Authorities in the Indian city of Mumbai (Bombay) have ordered an evacuation of dangerous buildings after the second fatal collapse in a week.
The people in the latest collapsed building had been asked to move
Almost 900 tenants in 80 buildings deemed dangerous in southern Mumbai will be moved to holding camps within a week, the authorities say.
The move follows the death of six people in the collapse of a three-storey building on Sunday night.
Last week, another 11 people died when a four-storey building came down.
Correspondents say it is not uncommon for poorly maintained buildings to collapse during the monsoon rains in Mumbai.
This season's rains have caused the deaths of more than 1,100 people in Mumbai and Maharashtra state, of which it is the capital.
'Reluctant to leave'
Maharashtra's chief minister, Vilasrao Deshmukh, on Monday ordered the state run housing authority, the Maharashtra Housing and Area Development Authority, to move the at-risk tenants.
Public relations officer for the authority, Vaishali Wagh, told the BBC news website: "We carried out a post-monsoon survey of buildings in south Mumbai after the heavy rains in July.
The building collapse on 23 August claimed 11 lives
"We identified 503 buildings as 'dangerous' and of these, 80 are considered 'very dangerous'.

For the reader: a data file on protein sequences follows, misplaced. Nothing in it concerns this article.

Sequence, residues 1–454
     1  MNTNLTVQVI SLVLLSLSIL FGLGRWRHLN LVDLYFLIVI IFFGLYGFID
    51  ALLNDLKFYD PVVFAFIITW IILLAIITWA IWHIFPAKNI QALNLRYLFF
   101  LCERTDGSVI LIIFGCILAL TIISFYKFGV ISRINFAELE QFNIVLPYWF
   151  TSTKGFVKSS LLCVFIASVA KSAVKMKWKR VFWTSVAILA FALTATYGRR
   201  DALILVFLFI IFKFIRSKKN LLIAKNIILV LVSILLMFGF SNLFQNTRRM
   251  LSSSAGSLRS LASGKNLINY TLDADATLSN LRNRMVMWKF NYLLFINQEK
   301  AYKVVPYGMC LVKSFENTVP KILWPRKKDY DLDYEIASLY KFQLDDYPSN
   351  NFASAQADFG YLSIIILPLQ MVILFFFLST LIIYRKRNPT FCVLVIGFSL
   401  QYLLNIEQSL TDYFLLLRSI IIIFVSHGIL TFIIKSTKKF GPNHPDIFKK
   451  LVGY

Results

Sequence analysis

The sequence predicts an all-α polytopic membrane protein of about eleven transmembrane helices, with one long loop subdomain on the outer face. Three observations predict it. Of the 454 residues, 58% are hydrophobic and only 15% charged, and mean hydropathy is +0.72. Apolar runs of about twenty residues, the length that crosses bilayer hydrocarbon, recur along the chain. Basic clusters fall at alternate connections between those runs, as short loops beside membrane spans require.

"The chief minister has instructed us to take immediate action on these buildings and we will be moving the residents soon."
Ms Wagh said the tenants of the building that collapsed late on Sunday night had been notified of the danger and were asked to vacate but were reluctant to do so.
Police said the building housed three families and was at least 60 years old.
Senior police official VB Bobade said four people hurt in the collapse had been discharged from hospital after treatment.
The fatal collapse of a residential building on 23 August killed 11 and injured more than 20.
Most residents were asleep when the structure came down.
A third building, in the Tardeo area in central Mumbai, also collapsed recently, although no one was hurt as residents had evacuated.
According to one estimate, there are some 19,000 tall buildings in Mumbai that are "old and dilapidated".